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December 2013

Have You Been Screened for HIV?

HIV may seem like a distant health threat—something that affects other people, but not you. Yet, you should be tested at least once for this deadly virus, according to health experts. Up to a quarter of people with HIV don't know they have it, because symptoms may not show up for years. Screening is the best way to protect yourself and your loved ones.

Facts about HIV

HIV gradually destroys the body's immune system. It specifically attacks CD4 cells. As the virus spreads, a person becomes more susceptible to infections and diseases. Eventually, he or she develops AIDS. Without treatment, AIDS typically results in death.

You can't get HIV through casual contact. It spreads through exposure to infected blood, semen, breast milk, and vaginal and rectal fluid. It's most commonly transmitted when a person has unprotected sex with an infected person. Other potential routes of infection include sharing contaminated drug needles, being born to a mother with the virus, or receiving tainted blood during a transfusion. 

Scientists have yet to find a cure for HIV. But early diagnosis and treatment can help slow the virus' progression. In particular, antiretroviral medications can prolong infected people's lives. It can also reduce the likelihood of infecting others.

Screening recommendations

Screening can help stop the spread of HIV by identifying people with the virus. They can then receive proper medical care, including antiretroviral therapy. Based on the latest research, the U.S. Preventive Services Task Force now recommends HIV screening at least once for people ages 15 to 65, including pregnant women.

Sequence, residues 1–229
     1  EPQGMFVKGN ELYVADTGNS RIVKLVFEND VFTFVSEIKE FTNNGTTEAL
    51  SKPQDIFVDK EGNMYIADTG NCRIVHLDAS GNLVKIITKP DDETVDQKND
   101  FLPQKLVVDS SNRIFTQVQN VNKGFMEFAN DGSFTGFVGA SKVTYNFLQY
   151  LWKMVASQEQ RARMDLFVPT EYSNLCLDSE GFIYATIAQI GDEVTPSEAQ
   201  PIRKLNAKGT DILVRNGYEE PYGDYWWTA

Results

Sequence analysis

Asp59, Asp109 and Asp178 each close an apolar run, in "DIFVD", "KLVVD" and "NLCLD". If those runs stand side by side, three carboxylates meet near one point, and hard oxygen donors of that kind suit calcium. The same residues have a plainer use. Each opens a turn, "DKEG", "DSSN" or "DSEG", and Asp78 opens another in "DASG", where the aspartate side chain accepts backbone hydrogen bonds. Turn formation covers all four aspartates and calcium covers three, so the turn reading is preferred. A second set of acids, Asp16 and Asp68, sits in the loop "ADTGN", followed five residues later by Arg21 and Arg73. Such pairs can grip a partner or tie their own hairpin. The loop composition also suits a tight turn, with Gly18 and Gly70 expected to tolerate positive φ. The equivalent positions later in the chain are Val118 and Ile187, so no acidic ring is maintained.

People at high risk for HIV should consider annual or more regular testing for the virus. Groups that may benefit from more frequent testing include people with multiple sexual partners and intravenous drug users.

HIV testing is quick. It includes either a blood test or a saliva swab. Your insurance company is required by law to cover the cost. You can arrange a screening through your doctor. Or you can call your state's local HIV/AIDS hotline to find a testing site near you.

 

Take part in International AIDS Awareness Month. Expand your knowledge with this quiz.

 

Take-Home HIV Testing

HIV testing has never been easier or more confidential. You can now purchase self-testing kits over the counter. Some tests require you to send a swab of saliva or a finger prick of blood to a lab. Other kits work like a pregnancy test. They can give you results in as little as 20 minutes.

These tests detect antibodies—not HIV—in your body. Antibodies are substances that help fight infections. With HIV, it can take up to 3 months for antibodies to appear. As a result, you may have to do repeat testing, especially if you have engaged in high-risk behavior. Talk with your doctor if the test is positive. Additional blood work is needed to confirm the result.

Research has shown that at-home test kits are an acceptable and effective way to screen for HIV. One caveat: Check that the kit has been approved by the FDA to ensure accurate results. 

 

Online resources

CDC - HIV/AIDS Basics

National HIV and STD Testing Resources - HIV Testing

U.S. Department of Health and Human Services - AIDS.gov

 

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